Background: It has been postulated that mitral valve repair in the elderly does not confer short-term benefits over mitral valve replacement with complete preservation of the chordal apparatus. Our purpose was to test this hypothesis using data from The Society of Thoracic Surgeons Adult Cardiac Surgery Database (STS ACSD).
Methods: Patients aged 70 years or more undergoing primary isolated elective mitral valve repair or mitral valve replacement for degenerative disease were obtained from the STS ACSD versions 2.73 and 2.81. Patients with a concomitant tricuspid procedure, atrial fibrillation surgery, or atrial septal defect/patent foramen ovale repair were included. The two treatment groups were further stratified by age in years (70 to 74, 75 to 79, and 80 or more). Adjusted 30-day mortality rates were analyzed by mitral procedure and chordal preservation strategy.
Results: The study included 12,043 patients, of whom 71% underwent mitral valve repair. Observed 30-day mortality after repair was lower than after replacement (2.2% versus 4.8%, respectively; p < 0.0001). Using repair as reference, adjusted operative mortality was higher for replacement in the overall cohort (odds ratio 1.83, 95% confidence interval: 1.45 to 2.31). There was no significant difference in mortality between complete versus partial chordal preservation in repair (odds ratio 1.24, 95% confidence interval: 0.80 to 1.93). Mitral valve replacement with chordal preservation remained inferior to repair (odds ratio 1.66, 95% confidence interval: 1.28 to 2.14). The failed repair rate was 7.9%, with a 30-day mortality of 6%.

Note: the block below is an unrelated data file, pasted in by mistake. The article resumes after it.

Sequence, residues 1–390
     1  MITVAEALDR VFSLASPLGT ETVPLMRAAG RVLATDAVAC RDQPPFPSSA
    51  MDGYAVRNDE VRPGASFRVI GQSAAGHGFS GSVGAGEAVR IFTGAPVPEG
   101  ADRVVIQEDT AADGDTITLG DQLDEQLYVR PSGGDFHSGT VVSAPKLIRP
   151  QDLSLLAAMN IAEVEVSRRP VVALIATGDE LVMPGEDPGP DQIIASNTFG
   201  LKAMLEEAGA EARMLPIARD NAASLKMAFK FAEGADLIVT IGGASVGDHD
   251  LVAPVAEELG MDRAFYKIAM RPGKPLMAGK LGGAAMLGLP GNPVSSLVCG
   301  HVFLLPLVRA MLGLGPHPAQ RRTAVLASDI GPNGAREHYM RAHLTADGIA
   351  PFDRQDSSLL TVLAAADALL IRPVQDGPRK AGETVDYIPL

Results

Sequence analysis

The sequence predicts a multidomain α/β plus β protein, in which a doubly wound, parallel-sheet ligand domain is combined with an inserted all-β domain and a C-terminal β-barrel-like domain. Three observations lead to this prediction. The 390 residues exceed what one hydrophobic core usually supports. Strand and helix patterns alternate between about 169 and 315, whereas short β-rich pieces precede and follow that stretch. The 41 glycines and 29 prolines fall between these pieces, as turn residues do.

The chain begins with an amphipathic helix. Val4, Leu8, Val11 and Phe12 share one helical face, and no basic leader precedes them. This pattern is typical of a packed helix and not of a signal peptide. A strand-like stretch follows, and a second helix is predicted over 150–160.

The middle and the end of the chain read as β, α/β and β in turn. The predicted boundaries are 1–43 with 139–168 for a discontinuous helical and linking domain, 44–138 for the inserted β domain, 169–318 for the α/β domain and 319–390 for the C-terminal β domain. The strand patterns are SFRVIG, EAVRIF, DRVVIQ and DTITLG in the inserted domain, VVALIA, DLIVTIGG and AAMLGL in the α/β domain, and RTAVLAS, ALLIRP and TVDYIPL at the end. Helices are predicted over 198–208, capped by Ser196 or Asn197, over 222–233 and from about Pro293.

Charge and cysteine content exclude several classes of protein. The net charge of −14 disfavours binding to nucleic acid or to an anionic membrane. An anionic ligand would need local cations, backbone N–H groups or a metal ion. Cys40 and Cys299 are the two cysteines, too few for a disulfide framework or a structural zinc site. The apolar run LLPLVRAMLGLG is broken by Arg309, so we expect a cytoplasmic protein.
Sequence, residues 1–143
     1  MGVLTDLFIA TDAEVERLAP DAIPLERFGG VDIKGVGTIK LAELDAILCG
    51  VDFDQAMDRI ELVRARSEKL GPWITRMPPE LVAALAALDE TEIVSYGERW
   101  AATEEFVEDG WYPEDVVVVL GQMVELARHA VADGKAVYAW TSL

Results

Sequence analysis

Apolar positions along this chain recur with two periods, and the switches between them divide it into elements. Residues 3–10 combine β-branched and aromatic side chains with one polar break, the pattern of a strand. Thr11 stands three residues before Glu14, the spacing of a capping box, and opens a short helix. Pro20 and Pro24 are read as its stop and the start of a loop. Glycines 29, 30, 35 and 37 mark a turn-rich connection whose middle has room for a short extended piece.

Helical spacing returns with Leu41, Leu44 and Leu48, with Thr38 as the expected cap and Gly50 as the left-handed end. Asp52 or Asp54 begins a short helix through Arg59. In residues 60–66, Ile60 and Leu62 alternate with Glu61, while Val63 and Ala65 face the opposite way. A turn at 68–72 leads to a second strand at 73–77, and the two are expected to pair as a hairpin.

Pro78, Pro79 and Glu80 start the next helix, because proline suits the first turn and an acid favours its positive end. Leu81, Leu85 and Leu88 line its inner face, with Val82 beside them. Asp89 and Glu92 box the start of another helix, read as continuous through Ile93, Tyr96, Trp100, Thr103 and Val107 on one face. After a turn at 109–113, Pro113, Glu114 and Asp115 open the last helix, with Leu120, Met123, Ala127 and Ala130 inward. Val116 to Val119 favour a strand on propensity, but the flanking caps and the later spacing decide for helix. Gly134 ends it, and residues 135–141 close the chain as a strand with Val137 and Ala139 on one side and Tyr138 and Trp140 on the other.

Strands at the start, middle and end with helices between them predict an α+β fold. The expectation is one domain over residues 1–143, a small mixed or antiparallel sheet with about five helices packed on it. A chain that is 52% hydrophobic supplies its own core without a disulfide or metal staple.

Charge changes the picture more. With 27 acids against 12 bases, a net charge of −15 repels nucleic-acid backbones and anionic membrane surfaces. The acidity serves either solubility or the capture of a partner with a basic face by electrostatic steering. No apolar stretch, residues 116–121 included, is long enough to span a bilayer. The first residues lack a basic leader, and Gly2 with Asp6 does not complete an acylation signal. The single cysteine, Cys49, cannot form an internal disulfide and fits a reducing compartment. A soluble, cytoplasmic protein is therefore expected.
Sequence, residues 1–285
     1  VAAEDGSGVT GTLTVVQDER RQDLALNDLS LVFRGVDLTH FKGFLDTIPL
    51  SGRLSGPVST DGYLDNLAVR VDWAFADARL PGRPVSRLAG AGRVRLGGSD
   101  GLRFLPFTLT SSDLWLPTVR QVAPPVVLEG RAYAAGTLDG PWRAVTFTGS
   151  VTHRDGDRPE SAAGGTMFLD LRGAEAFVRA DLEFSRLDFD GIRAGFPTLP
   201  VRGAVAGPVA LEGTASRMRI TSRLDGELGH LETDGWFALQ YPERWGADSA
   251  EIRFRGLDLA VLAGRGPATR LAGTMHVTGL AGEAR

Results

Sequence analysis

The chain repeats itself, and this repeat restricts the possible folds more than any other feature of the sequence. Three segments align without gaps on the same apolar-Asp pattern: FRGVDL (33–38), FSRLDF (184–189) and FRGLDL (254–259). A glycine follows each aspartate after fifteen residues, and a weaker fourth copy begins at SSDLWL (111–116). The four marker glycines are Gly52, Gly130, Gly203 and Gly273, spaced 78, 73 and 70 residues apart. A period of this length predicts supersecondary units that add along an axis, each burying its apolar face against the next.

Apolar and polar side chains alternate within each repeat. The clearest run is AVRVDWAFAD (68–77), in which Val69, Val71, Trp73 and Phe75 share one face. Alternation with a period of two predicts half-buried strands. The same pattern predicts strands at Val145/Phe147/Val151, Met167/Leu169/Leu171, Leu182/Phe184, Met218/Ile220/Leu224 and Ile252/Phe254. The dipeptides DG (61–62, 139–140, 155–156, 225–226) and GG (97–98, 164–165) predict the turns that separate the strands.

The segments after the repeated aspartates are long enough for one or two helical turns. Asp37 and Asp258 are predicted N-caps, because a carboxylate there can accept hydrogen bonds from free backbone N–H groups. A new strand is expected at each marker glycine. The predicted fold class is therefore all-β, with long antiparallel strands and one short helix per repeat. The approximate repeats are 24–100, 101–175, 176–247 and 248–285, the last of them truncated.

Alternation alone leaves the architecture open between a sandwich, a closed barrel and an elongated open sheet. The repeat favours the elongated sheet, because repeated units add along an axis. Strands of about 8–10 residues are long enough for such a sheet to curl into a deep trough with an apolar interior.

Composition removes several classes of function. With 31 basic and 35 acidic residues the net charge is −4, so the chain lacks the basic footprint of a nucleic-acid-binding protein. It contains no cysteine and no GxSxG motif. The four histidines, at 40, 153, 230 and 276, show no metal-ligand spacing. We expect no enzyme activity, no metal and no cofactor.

Conclusions: In patients aged 70 years or more, degenerative mitral repair was associated with lower operative mortality compared with replacement, irrespective of chordal preservation strategy. Failed repairs reduced this short-term benefit compared with chordal-sparing replacement as evidenced by the similar operative mortality on an intention to treat analysis.
Copyright © 2019 The Society of Thoracic Surgeons. Published by Elsevier Inc. All rights reserved.